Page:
28. I really think it’s just four teenagers with linked supercomputers who comment on the entire internet. Ever notice the spelling and diction on every troll post? Hmmm…

    Also, I have found the blogger’s best friend can be the “delete comment” button.

  29. This is something I kind of struggle with. There’s the obviously crazy people who you shouldn’t engage because IT WILL NEVER END, but on the other hand, I *have* called commenters out on my blog because they accused me of things I found offensive. They were attacking ME as a person. I probably should have left it alone, but one time it allowed for some misunderstandings to be cleared up, and the other time I felt like I was standing up for my integrity. I don’t know how bloggers deal with the hateful comments. I mean, I’m a blogger but don’t get many hateful comments because my subject matter (mostly book talk) is fairly innocuous. I kind of like Dooce’s idea of printing out the comment and running it over with your car.

  30. I explained to the husband once, as to why I get upset when I get nasty comments. It’s as though you are inviting this person into your home. To thank you for the hospitality, they shit on your rug. Rude and completely inappropriate.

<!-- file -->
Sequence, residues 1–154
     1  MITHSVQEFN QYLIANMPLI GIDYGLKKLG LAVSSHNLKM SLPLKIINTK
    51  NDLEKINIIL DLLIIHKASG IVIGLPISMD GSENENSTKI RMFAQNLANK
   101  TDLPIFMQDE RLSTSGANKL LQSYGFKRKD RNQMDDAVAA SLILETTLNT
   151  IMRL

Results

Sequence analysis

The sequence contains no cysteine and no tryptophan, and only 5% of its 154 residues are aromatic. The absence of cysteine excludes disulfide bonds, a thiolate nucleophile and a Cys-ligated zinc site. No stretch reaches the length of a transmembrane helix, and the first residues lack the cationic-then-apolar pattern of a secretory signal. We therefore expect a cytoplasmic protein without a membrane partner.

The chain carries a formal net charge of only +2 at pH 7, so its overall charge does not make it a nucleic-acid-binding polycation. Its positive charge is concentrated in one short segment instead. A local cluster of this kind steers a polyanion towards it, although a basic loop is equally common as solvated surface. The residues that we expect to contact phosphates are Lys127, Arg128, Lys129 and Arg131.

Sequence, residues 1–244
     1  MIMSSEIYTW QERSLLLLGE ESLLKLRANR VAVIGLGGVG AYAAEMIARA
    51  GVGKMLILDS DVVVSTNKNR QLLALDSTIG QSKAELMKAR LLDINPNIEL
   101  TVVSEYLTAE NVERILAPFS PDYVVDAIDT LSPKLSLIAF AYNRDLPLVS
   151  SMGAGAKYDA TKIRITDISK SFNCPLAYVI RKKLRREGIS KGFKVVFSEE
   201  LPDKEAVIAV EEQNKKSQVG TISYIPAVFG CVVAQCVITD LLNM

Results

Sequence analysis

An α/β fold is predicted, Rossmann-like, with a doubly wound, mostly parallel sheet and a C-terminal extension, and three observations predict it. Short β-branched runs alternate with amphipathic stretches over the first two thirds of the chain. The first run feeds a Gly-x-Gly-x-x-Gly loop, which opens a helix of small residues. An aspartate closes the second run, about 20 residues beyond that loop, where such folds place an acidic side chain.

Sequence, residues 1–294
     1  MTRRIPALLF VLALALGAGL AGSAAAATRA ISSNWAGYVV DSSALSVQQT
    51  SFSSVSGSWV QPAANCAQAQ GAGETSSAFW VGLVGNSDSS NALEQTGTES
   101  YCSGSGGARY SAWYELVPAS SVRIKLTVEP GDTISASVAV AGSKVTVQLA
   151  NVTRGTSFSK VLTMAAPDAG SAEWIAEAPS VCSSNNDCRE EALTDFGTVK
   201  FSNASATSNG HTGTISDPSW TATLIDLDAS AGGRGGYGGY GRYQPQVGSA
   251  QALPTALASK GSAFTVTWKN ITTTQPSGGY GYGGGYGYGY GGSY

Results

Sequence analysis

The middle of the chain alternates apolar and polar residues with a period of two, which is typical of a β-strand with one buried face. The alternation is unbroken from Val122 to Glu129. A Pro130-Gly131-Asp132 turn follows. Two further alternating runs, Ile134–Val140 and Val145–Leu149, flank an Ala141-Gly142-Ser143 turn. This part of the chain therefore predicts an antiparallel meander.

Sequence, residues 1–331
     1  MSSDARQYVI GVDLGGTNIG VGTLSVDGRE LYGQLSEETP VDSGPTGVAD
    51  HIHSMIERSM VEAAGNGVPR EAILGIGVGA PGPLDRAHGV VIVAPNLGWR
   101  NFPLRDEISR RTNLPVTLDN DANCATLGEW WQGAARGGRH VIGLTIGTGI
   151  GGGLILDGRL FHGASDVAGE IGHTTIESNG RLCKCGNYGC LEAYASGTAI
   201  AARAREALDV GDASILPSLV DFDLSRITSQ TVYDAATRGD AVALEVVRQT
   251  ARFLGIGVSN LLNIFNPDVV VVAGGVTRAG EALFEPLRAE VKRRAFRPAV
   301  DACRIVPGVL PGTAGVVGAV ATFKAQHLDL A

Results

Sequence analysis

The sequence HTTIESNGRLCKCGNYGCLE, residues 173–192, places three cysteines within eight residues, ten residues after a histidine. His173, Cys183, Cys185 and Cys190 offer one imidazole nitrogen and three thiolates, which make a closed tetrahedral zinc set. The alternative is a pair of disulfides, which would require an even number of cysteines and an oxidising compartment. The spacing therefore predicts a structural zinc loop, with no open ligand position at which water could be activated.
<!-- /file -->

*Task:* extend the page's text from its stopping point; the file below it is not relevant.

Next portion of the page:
31. It’s very rare that I feel nasty on someone else’s blog, but when I do I just click off. I certainly don’t tell them about it, or bitch about it on my blog. I actually read that the other day, someone who was bitching about another person’s innocent and huge blog on their blog. That made me click off their blog, even though I kind of agreed with her. I cannot imagine what would possibly make someone leave you a nasty comment, though. Not in a million years. xoxo.

  32. I had one troll after feeding one on a friend’s blog, so I guessed I asked for it. Being a troll-host newb, I deleted it; I even went so far as to disable anonymous posting, but T-Roll just created a dummy LJ account to post another dumb ass comment. THEN I did the whole comment approval thing, but turned it off when I realized I wasn’t getting the email notifications and had missed a couple of comments for almost a week (never claimed to be the sharpest crayon in the box, okay?).